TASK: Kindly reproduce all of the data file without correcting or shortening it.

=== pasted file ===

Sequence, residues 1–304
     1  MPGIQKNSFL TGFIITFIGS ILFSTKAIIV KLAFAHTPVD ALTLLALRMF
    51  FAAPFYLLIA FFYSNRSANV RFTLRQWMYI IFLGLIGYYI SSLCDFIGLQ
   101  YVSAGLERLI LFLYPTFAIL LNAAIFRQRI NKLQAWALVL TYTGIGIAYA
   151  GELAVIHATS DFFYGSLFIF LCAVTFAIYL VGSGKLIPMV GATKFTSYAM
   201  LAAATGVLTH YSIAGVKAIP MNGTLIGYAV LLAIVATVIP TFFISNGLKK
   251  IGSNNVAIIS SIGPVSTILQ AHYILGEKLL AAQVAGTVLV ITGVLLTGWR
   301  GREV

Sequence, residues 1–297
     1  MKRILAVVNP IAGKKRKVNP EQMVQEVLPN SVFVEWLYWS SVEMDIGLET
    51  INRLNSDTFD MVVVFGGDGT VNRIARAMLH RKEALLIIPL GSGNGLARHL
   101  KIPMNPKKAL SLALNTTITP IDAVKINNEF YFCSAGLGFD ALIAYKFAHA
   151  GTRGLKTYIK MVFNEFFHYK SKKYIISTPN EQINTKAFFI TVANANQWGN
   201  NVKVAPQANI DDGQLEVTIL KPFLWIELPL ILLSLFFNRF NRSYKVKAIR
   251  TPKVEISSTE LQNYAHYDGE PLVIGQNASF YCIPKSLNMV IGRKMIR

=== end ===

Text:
Sequence, residues 1–304
     1  MPGIQKNSFL TGFIITFIGS ILFSTKAIIV KLAFAHTPVD ALTLLALRMF
    51  FAAPFYLLIA FFYSNRSANV RFTLRQWMYI IFLGLIGYYI SSLCDFIGLQ
   101  YVSAGLERLI LFLYPTFAIL LNAAIFRQRI NKLQAWALVL TYTGIGIAYA
   151  GELAVIHATS DFFYGSLFIF LCAVTFAIYL VGSGKLIPMV GATKFTSYAM
   201  LAAATGVLTH YSIAGVKAIP MNGTLIGYAV LLAIVATVIP TFFISNGLKK
   251  IGSNNVAIIS SIGPVSTILQ AHYILGEKLL AAQVAGTVLV ITGVLLTGWR
   301  GREV

Sequence, residues 1–297
     1  MKRILAVVNP IAGKKRKVNP EQMVQEVLPN SVFVEWLYWS SVEMDIGLET
    51  INRLNSDTFD MVVVFGGDGT VNRIARAMLH RKEALLIIPL GSGNGLARHL
   101  KIPMNPKKAL SLALNTTITP IDAVKINNEF YFCSAGLGFD ALIAYKFAHA
   151  GTRGLKTYIK MVFNEFFHYK SKKYIISTPN EQINTKAFFI TVANANQWGN
   201  NVKVAPQANI DDGQLEVTIL KPFLWIELPL ILLSLFFNRF NRSYKVKAIR
   251  TPKVEISSTE LQNYAHYDGE PLVIGQNASF YCIPKSLNMV IGRKMIR